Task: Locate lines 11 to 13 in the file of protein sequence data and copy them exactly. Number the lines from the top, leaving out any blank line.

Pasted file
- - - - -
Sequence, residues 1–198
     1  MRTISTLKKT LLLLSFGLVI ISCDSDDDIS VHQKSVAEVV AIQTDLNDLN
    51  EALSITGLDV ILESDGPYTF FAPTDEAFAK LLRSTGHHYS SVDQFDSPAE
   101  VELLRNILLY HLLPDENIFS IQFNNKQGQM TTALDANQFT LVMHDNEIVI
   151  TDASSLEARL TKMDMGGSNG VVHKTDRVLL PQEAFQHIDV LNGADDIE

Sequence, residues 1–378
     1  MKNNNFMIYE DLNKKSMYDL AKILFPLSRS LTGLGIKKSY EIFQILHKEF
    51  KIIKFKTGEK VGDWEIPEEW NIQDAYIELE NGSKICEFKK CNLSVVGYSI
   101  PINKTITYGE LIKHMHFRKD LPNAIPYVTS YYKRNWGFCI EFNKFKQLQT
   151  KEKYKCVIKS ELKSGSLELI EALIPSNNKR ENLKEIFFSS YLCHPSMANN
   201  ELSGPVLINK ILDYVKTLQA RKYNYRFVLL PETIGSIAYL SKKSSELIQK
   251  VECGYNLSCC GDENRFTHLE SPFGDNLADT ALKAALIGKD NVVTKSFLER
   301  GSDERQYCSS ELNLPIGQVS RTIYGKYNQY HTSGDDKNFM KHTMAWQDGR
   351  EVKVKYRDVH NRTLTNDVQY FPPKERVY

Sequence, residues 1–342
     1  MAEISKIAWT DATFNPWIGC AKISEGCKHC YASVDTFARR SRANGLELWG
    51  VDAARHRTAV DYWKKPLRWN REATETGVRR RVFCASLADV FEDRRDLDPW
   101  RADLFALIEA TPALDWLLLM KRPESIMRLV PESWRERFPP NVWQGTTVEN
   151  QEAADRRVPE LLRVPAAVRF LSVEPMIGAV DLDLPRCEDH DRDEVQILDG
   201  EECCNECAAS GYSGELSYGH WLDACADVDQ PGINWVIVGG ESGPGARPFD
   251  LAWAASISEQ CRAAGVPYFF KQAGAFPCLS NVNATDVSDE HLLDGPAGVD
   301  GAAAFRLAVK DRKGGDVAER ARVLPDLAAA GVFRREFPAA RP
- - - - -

   201  ELSGPVLINK ILDYVKTLQA RKYNYRFVLL PETIGSIAYL SKKSSELIQK
   251  VECGYNLSCC GDENRFTHLE SPFGDNLADT ALKAALIGKD NVVTKSFLER
   301  GSDERQYCSS ELNLPIGQVS RTIYGKYNQY HTSGDDKNFM KHTMAWQDGR